“ 'You animal!' she exclaimed angrily.” In that context, “animal” is intended as an insult. But in the bigger picture, is it?
Don’t animals usually do what comes naturally – even if that may include turning us off for one reason or another, or even eating us? But still, what they do is natural.
On the other hand, don’t we spend a lot of time wondering what’s natural for humans to do? Implicitly, we might idealize humans, at least till they explicitly disappoint or hurt us. For good reason, we may regard other humans as abnormal, sub-human, or worse. Which is natural?
And do animals, when angry at one another, snarl, “You human!”
These thoughts were prompted by my musing about the word “animalia,” which I’ve learned is the plural form of the Latin word for animal, “animalis.” Animals are the group of organisms that constitute the Kingdom Animalia. And, colloquially, “animal” is often used to refer to all animals other than humans. . . according to “knowledgerush.com.”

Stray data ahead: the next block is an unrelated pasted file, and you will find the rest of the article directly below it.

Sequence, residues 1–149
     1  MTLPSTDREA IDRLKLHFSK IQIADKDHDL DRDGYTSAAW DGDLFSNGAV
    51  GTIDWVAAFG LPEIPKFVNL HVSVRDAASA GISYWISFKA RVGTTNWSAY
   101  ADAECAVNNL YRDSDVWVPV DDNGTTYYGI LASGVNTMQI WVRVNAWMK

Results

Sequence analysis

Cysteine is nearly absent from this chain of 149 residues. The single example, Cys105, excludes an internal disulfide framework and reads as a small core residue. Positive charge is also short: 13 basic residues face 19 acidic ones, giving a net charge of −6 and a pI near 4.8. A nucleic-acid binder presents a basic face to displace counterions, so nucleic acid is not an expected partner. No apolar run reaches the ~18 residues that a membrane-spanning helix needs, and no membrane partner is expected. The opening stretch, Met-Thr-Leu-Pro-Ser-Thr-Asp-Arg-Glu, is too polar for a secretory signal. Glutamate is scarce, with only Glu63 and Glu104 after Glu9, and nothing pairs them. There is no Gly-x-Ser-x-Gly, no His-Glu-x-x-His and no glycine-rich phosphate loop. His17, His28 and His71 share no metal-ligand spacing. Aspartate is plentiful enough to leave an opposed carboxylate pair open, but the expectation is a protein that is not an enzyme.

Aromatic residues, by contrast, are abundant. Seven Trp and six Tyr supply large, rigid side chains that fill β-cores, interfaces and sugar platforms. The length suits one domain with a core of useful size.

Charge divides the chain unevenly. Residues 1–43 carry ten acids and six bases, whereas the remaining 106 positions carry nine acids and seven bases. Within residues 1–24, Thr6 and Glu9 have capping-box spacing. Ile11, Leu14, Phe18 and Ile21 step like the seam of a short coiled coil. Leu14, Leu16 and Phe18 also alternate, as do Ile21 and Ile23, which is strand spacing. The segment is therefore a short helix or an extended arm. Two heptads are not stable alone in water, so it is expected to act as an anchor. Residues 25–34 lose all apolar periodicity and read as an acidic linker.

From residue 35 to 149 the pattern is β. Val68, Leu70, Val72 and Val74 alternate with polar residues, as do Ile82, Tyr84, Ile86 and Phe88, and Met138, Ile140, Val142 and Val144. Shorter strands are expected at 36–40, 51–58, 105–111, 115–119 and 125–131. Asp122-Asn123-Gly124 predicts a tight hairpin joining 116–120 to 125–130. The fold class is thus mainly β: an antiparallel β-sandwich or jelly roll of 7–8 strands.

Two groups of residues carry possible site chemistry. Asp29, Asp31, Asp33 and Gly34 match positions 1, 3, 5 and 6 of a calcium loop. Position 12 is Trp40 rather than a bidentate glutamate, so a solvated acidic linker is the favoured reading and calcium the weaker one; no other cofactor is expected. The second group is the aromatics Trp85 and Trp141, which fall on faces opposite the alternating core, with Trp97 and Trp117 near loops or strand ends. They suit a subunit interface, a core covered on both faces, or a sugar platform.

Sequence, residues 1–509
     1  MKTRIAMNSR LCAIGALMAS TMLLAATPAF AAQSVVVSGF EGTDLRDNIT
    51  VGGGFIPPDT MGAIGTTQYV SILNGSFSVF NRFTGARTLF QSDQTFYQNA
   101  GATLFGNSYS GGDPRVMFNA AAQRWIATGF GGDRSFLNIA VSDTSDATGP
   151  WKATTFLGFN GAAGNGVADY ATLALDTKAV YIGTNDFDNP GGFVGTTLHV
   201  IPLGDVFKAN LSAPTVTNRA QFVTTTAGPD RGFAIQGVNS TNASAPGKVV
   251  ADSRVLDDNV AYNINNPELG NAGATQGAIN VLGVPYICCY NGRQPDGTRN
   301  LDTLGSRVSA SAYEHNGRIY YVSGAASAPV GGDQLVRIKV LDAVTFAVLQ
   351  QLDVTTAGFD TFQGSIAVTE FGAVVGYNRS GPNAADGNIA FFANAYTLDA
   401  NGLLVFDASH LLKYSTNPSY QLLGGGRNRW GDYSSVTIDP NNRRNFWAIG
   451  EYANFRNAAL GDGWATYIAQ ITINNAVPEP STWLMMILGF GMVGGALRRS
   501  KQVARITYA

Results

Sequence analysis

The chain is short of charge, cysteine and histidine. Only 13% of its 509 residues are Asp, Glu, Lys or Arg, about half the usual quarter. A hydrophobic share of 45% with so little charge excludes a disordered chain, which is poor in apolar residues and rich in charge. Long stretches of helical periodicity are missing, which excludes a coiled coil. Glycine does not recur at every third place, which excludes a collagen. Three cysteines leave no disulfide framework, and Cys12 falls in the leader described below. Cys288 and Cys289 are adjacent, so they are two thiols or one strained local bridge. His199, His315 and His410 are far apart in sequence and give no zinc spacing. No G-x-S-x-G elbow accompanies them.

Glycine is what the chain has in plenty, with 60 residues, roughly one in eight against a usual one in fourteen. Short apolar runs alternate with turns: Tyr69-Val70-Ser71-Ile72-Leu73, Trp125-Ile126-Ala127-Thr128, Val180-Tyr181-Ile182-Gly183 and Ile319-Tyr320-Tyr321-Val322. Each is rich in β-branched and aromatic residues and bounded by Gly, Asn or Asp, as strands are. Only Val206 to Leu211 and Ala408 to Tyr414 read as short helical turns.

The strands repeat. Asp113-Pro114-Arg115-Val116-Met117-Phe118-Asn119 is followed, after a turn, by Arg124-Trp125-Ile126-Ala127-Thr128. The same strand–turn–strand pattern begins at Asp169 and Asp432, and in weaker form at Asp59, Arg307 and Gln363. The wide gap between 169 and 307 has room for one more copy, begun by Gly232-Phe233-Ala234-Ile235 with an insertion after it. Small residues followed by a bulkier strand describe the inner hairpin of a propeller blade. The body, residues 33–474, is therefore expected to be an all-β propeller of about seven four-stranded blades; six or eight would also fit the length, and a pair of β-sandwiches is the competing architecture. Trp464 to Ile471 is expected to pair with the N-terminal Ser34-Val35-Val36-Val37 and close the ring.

I enjoy thinking about Kingdom Animalia as one “comprising all living and extinct animals,” per another on-line source. So (despite the colloquial exclusion above), we humans are linked to our domestic companion animals (not “pets,” please!) as well as to the elephants and other creatures that fascinate us, and the dodo and passenger pigeon too. One big, sometimes happy, family.